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Abstract

The presence of potential microbial trace fossils (endolithic microborings) has been well documented in oceanic basaltic pillow lavas, hyaloclastites, tuffs, and transitional subglacial marine lavas in the past 30 yr. Despite their evident abundance in oceanic to subglacial environments, they have not been observed in continental basalts that were not erupted in marine or subglacial settings. To expand the record of putative endolithic microborings in volcanic rocks to nonmarine, continental lacustrine environments, we examined hydrovolcanic pyroclastic deposits in the Fort Rock volcanic field, central Oregon. This study presents the textures, mineralogy, and geochemistry of basaltic tuffs containing possible endolithic microborings comparable in morphology, size, and distribution to those described in earlier oceanic and subglacial basalt studies. We observed a variety of tubular and granular textures that show evidence of biogenic morphologies and behavior, and a primary geological context that expresses their age and syngenicity. Petrographic relationships with secondary phases (chabazite, nontronite, calcite) indicate that the construction of microtunnels occurred in saline, alkaline fluids at temperatures of 25–80 °C. In addition, positive correlations were observed between the extent of aqueous (abiotic) alteration and both the abundance of microtunnels and morphological type. These correlations suggest that microtunnels were more readily formed where there was greater abiotic alteration-fluid flux and that the resulting change in chemical composition of those fluids may have had a direct influence on the formation process or possibly the type of constructing microbe. This work adds to understanding of factors controlling microtunnel formation and is the first account of putative endolithic microborings in a continental lacustrine setting. This new information may also have implications in the search for habitable extraterrestrial environments, such as on Mars.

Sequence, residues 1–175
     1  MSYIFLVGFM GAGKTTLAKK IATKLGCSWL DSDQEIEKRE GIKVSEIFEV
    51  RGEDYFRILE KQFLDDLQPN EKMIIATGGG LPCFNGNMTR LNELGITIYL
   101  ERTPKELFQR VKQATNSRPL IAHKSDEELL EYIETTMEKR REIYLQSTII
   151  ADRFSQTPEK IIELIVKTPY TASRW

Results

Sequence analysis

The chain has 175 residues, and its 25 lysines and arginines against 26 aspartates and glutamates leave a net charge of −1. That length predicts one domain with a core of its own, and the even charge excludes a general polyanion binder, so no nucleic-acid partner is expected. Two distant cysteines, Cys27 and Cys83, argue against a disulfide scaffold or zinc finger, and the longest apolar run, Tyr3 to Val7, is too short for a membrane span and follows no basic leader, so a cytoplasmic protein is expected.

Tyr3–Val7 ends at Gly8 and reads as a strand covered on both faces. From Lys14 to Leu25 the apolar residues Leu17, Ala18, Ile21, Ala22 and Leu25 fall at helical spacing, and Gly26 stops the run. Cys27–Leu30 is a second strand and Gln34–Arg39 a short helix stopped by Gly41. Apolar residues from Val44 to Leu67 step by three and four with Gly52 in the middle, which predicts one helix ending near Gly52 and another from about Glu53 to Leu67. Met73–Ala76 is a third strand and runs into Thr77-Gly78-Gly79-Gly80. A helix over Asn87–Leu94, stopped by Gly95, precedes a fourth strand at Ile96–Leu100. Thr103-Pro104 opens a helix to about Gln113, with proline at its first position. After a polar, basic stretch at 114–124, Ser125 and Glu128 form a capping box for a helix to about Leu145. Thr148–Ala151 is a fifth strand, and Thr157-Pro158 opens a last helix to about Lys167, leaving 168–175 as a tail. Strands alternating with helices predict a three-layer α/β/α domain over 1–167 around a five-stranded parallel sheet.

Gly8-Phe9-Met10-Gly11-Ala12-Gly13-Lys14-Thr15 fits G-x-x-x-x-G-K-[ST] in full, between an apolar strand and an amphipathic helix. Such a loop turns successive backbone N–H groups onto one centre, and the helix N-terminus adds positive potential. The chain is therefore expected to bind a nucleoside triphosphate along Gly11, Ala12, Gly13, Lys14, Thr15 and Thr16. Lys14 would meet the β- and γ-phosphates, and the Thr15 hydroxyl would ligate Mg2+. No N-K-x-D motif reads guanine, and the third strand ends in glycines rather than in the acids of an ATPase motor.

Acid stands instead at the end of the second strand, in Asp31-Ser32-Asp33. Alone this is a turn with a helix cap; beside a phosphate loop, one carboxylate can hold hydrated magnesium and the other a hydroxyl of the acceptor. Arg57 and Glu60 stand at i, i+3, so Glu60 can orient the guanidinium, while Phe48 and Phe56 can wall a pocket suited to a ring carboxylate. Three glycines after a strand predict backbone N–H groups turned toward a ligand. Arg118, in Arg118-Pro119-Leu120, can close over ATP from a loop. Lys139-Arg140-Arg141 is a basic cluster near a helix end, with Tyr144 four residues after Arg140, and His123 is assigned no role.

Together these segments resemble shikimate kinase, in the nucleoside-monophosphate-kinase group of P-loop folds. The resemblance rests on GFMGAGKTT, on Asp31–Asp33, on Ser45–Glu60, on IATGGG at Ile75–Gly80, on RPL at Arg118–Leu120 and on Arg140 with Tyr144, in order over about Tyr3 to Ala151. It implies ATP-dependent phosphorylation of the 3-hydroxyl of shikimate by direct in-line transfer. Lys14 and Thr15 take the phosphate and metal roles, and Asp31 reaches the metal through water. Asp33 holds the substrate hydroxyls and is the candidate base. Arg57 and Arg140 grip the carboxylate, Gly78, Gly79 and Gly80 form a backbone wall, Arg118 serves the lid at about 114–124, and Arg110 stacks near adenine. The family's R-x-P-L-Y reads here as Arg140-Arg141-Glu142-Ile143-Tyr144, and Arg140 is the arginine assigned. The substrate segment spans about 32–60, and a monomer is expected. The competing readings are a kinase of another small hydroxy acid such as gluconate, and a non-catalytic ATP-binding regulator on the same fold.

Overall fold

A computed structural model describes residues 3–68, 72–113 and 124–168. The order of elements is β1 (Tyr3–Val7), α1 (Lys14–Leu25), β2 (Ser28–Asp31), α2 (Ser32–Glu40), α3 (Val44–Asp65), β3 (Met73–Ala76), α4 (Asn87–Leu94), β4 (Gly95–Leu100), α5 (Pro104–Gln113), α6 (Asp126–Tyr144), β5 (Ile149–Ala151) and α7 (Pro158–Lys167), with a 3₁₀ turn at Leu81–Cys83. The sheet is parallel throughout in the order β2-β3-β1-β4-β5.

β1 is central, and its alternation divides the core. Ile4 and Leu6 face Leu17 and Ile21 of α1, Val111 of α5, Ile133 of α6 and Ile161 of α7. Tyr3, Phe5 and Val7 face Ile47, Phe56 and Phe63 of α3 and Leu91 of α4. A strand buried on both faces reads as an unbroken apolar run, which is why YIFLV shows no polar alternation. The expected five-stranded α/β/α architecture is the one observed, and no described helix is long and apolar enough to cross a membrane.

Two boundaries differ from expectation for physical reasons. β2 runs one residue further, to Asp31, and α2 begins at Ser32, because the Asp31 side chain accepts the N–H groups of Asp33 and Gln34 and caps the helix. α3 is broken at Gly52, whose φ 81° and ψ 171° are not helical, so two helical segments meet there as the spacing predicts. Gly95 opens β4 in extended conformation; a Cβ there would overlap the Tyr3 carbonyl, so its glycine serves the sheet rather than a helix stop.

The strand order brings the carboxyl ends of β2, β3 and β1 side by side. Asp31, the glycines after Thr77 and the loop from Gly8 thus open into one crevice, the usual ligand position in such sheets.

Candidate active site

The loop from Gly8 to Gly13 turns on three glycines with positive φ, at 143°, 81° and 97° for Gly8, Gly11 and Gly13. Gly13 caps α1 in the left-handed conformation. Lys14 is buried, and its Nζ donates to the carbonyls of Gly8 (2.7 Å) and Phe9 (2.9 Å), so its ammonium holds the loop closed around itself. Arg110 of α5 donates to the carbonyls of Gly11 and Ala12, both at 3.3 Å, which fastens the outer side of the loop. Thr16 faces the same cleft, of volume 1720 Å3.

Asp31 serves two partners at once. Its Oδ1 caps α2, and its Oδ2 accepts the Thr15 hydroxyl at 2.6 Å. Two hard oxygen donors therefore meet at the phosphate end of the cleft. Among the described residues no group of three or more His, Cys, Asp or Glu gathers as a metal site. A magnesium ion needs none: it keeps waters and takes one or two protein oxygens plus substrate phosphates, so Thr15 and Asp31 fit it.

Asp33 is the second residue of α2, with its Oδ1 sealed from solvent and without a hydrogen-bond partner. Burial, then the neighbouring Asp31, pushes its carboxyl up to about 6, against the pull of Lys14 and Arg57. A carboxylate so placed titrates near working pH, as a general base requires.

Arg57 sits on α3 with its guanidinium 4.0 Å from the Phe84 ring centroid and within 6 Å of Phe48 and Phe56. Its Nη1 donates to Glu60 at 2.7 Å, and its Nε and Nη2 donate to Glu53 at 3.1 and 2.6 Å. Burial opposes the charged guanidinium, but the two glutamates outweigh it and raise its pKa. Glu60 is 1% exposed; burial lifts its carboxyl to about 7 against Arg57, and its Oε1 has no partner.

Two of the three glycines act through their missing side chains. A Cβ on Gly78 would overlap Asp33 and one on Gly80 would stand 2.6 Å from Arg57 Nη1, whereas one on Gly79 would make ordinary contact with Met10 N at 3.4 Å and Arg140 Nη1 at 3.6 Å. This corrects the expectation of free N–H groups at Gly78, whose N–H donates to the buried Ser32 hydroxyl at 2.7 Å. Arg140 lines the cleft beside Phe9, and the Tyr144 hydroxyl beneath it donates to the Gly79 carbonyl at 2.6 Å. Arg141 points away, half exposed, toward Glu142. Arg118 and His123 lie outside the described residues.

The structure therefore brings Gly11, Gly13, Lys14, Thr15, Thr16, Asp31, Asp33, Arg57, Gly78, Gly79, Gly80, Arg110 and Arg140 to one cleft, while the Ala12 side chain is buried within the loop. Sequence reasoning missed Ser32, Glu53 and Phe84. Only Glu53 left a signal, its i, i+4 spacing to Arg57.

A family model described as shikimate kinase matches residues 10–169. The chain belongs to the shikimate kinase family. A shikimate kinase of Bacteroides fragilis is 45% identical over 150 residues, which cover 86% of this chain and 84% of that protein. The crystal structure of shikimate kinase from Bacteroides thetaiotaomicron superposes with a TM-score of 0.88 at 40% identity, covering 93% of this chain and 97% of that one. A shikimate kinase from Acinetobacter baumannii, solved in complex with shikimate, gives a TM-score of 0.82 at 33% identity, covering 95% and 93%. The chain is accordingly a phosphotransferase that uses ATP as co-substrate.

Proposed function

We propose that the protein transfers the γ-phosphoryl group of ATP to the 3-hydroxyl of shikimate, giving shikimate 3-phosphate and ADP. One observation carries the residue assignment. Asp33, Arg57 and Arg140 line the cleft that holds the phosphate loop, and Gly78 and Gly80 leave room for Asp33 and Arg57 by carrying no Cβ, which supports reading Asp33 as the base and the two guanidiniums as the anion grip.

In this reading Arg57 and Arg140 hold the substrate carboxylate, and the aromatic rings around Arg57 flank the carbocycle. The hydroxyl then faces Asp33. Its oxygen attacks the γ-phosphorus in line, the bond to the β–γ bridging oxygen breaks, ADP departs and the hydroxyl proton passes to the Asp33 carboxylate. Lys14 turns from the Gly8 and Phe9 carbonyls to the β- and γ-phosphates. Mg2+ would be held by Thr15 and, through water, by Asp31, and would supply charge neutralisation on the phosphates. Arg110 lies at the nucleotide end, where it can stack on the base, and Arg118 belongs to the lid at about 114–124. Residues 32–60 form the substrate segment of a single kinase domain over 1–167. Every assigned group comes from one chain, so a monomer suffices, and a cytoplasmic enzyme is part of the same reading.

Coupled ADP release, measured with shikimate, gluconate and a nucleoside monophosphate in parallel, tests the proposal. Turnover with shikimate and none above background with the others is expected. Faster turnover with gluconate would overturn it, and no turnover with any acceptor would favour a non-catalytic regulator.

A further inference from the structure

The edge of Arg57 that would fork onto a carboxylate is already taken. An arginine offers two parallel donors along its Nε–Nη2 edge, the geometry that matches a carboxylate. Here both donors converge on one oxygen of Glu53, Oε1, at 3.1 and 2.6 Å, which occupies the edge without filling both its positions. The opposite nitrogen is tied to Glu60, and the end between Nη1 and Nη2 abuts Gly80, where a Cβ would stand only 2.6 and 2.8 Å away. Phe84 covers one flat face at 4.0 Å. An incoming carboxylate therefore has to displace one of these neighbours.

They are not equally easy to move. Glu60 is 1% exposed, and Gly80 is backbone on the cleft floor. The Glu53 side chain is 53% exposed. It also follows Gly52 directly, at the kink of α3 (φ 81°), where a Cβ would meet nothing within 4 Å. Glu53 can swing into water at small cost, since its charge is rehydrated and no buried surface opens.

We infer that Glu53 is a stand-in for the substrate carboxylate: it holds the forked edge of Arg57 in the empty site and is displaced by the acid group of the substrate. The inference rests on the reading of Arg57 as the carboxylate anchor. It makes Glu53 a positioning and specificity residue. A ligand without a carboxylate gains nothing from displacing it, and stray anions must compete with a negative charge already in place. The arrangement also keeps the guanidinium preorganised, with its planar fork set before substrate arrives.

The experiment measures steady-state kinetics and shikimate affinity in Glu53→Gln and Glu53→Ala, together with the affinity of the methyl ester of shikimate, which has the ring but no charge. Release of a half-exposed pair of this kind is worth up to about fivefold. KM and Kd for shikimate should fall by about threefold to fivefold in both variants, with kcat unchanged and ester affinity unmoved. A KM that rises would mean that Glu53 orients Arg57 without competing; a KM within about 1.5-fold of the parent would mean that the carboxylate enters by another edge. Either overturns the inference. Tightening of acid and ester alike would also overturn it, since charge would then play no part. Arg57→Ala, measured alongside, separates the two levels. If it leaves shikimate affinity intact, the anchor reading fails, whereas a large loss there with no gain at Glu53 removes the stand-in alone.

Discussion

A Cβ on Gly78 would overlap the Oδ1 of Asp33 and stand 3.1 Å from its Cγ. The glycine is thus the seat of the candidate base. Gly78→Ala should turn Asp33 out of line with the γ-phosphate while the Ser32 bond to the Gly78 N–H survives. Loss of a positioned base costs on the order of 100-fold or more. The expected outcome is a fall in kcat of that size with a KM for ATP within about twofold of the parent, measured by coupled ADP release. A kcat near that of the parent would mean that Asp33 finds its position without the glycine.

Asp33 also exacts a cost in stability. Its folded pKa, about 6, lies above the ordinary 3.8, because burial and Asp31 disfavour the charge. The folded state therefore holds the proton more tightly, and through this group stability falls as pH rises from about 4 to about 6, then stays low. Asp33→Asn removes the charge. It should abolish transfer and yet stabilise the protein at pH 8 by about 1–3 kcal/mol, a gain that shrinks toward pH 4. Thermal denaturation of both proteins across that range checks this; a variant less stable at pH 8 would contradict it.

INTRODUCTION